Sensory Liking: How Nervous Systems assign Hedonic Value to Sensory Objects

Martin Skov

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Sensory liking is a biological process by which biological organisms compute how liked or disliked a sensory stimulus is. The purpose of this process is to tag the sensory objects an organism encounters in its physical environment as either conducive or threatening to survival. Objects that are deemed likeable elicit appetitive behaviour, whereas objects that are encoded as dislikeable elicit aversive behaviour. In this chapter, I review an extensive body of neuroscientific work that shows that, in vertebrates, evaluations of sensory liking are computed by neural mechanisms located in the mesocorticolimbic reward circuitry. However, evidence from numerous experiments also shows that these processes are modulated by input from interoceptive, perceptual, cognitive, and executive mechanisms that represent endogenous and exogenous conditions that are of relevance to the organism’s physiological needs and current behavioural circumstances. As a result, the hedonic value it assigns to a given stimulus is determined not just by information inherent to the stimulus but also these stimulus-external factors. Focusing on human sensory liking, I demonstrate how liking and disliking outcomes are caused not by fixed reactions to sensory stimulation but by flexible evaluation events that integrate computational outputs from a distributed network of mechanisms.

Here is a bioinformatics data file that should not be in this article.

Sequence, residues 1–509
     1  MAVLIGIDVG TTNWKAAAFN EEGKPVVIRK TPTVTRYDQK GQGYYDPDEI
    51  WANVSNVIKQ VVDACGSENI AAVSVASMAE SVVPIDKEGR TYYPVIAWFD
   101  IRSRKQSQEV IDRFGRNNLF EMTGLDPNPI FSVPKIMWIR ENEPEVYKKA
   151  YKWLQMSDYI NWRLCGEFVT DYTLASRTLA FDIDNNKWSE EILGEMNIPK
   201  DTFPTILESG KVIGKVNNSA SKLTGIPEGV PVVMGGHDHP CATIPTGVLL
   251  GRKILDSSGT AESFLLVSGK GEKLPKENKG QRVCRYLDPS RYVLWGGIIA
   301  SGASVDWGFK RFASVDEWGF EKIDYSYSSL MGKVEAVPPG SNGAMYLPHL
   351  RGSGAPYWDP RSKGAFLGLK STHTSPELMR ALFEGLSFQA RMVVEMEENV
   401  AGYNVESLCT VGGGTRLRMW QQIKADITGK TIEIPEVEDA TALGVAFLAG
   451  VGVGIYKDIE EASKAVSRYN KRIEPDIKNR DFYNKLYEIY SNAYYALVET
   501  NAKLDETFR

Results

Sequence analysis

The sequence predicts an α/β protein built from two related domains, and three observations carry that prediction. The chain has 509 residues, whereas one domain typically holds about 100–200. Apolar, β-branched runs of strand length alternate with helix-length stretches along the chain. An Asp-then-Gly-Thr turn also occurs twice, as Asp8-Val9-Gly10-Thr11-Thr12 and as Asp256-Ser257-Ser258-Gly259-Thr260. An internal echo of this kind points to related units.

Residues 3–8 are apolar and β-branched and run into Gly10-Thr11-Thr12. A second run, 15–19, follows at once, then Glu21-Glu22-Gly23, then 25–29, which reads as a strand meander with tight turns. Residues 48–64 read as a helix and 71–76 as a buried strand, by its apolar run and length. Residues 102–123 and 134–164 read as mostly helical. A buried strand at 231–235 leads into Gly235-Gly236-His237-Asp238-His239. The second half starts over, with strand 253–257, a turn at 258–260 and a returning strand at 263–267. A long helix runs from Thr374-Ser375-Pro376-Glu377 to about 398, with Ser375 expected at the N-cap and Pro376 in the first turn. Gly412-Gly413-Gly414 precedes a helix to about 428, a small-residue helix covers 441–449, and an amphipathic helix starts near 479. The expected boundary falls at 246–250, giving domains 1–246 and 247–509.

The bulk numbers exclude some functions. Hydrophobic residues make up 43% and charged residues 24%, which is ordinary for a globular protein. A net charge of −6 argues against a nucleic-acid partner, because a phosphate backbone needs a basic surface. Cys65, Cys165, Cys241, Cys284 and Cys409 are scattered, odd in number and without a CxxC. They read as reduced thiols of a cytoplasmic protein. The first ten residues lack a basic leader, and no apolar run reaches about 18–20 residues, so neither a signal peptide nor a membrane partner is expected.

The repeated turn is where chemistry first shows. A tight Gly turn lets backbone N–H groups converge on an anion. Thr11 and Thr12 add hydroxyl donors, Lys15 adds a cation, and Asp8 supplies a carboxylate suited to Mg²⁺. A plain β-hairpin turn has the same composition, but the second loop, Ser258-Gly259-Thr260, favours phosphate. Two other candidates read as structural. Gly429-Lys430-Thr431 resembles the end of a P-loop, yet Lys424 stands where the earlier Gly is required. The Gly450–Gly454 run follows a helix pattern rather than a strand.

Original languageEnglish
Title of host publicationThe Routledge International Handbook of Neuroaesthetics
EditorsMartin Skov, Marcos Nadal
Number of pages32
Place of PublicationAbingdon
Publication date2023
ISBN (Print)9780367442743, 9781032348803
ISBN (Electronic)9781003008675
Publication statusPublished - 2023
SeriesThe Routledge International Handbook Series

Bibliographical note

Published online: 6 September 2022.

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